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The #MeTooMovement: When Men are the Victims

August 26, 2018 | by Rabbi Benjamin Blech

Innocence or guilt requires careful deliberation, no matter the gender of the accused.

It is a challenging – and for some a very controversial – question: In the post Weinstein era, have we gone too far in our response to accusations of sexual harassment against men accused of improper, immoral and criminal behavior?

For too many years there were men who took advantage of their position and power to force themselves upon unwilling women. We need to be grateful that society has aggressively called a halt to the silence that all too often followed these despicable acts.

Today there is a sizable list of sexual predators that have fallen from the heights of fame and success to communal shame and disgrace. Most of them deserve their humiliation and the consequences they have been required to endure as payment for their past sins.

Yet there is one point that needs to be made. What should give us some cause for reflection is a point that has its source in the book of Genesis – a truth which today almost invariably brings public condemnation and censure to anyone who voices it.

It is the story of Joseph and the beautiful wife of his Egyptian master, Potiphar. Joseph was a faithful servant, extremely scrupulous and successful in fulfilling all of his duties. His problem was only that he was far too handsome. Potiphar’s wife attempted to seduce Joseph. But when that failed because Joseph refused to betray his master, his angry rejected lover accused him of attempted rape – a lie followed by unjust imprisonment.

It is a biblical story which reminds us that not all men are automatically guilty of sexual misbehavior. There are men innocent of charges of indecency and victims of vicious slander. Is it unlawful today to come to the defense of any alleged sex offender? Is it immoral to believe men can be victims of vicious libels and slander rather than villainous perpetrators?

The counselor was stunned when she whispered, “If you ever try to tell me what to do again, I’m going to tell everyone you touched my private parts.”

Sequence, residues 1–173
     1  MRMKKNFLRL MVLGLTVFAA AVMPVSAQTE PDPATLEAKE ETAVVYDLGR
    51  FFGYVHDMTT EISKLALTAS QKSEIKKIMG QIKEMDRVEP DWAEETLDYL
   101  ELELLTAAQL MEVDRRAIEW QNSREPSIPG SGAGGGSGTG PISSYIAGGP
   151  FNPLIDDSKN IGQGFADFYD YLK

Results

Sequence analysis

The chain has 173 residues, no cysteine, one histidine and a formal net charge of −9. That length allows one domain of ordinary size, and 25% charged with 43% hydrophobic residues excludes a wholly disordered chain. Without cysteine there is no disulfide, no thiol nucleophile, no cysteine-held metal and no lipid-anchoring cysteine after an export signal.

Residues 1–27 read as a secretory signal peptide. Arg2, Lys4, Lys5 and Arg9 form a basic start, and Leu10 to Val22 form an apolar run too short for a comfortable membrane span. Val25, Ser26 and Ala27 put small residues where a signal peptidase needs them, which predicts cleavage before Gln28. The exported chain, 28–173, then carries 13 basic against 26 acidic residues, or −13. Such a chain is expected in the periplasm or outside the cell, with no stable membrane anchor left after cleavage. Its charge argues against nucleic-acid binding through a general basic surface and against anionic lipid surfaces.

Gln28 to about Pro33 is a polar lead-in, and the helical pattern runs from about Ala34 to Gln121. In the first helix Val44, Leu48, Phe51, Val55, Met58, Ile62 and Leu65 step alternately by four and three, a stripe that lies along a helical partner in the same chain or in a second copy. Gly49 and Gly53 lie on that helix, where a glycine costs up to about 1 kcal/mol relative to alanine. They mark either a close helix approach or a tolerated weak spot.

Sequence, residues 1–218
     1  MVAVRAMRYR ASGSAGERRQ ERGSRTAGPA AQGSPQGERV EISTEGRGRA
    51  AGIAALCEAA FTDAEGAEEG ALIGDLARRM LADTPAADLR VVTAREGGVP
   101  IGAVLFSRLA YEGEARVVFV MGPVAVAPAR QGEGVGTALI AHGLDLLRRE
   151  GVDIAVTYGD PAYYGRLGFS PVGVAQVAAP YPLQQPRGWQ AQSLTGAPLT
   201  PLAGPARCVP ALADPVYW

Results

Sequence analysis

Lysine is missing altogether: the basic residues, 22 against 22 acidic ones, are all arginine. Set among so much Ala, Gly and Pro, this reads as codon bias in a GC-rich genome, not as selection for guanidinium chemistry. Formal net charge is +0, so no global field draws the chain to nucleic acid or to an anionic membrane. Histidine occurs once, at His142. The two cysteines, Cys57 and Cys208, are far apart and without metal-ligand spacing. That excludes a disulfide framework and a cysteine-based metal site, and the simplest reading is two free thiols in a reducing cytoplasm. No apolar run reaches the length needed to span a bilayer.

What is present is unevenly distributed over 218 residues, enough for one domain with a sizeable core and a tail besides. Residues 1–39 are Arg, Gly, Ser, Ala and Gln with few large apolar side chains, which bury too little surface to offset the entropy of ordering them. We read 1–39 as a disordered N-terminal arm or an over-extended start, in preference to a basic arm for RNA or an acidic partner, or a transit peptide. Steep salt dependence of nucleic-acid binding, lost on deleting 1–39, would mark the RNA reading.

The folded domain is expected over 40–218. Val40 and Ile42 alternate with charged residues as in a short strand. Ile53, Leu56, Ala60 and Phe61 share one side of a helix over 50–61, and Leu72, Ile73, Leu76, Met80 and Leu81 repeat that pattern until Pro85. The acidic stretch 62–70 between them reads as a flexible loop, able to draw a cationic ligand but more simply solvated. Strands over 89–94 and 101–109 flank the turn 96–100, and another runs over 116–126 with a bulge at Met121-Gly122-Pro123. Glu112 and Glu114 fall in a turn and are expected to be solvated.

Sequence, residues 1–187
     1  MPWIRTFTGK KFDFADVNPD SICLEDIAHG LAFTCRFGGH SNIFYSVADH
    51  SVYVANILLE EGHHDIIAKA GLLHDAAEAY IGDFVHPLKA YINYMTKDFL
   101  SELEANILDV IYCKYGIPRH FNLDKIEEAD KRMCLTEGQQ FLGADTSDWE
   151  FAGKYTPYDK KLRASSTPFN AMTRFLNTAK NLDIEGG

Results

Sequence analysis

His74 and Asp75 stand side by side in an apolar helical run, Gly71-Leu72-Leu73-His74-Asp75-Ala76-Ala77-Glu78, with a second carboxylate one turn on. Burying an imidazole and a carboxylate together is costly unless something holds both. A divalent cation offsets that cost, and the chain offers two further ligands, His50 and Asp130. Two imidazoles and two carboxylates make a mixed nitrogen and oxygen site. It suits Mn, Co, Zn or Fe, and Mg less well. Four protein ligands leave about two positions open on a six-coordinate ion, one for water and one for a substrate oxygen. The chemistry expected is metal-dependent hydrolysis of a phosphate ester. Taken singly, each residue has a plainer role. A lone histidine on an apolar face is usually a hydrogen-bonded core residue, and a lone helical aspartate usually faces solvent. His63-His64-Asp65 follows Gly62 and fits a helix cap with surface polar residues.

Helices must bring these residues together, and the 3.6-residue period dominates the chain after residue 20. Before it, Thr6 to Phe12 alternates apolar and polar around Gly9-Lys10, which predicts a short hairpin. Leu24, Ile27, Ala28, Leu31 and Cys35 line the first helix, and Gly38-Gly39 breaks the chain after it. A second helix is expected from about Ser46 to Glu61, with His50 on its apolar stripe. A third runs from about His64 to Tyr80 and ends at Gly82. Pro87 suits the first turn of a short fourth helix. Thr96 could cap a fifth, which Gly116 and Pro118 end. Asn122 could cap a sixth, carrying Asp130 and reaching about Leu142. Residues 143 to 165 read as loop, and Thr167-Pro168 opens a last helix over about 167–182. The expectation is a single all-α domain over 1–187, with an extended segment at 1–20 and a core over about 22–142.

A young man came to share with me as his rabbi a problem he and several of his friends have recently encountered. He was a counselor in a camp, often responsible for discipline of mixed gender groups on trips and outings. Berating a girl of about 10 for breaking a serious rule who then disrespectfully ignored him, he was stunned into silence when she turned to him and whispered, “If you ever try to tell me what to do again, I’m going to tell everyone you touched my private parts.”

That was not a lone incident reserved for a summer camp. Teachers have confided in me that the dynamics of authority and power have shifted in light of the power of the “sexual harassment accusation” threat. It is a kind of intimidation for which it seems “innocent until proven guilty” no longer has any meaning. It is indeed a tragedy when women are not believed in the aftermath of a forcible sexual encounter. But we should not be aspiring to simply reverse the male-female dynamic which always gave preference to the former and unjustly ignored the rights of the latter. That is equally unfair.

It is not the Neanderthal in me which prompts me to proclaim that sometimes it’s even possible that men may be innocent, that women can seek revenge for unrequited love with untruthful stories, that the biblical story of Joseph may even have a contemporary parallel.

In fact, as we saw last week, women may at times be the aggressors. The #MeTooMovement needs to acknowledge that one of its leading spokeswomen, the actress Asia Argento, who has presented herself as a victim of sexual assault in the past, is now being accused of assaulting and traumatizing a young teenager below the age of consent and 20 years her junior.

Rose McGowan, another alleged victim of Weinstein and prominent figure of #MeToo, who has long been outraged by a culture that would question the allegations of sexual assault victims, suddenly changed her tune when confronted with the case of a female perpetrator. This time her response was "None of us know the truth of the situation and I'm sure more will be revealed. Be gentle.” Yet in 2017 she stated that every accusation must be believed, that everyone suspected must be condemned, that due process and the concept of innocent until proven guilty are absurd with regard to sexual accusations.

Innocence or guilt requires careful deliberation, no matter the gender of the accused, and the guilty must be given their due punishment. My concern is that lives may be ruined simply because the accused is male rather than female. To respond rationally we need to acknowledge that sometimes even a man can be the real victim, just like the biblical Joseph.


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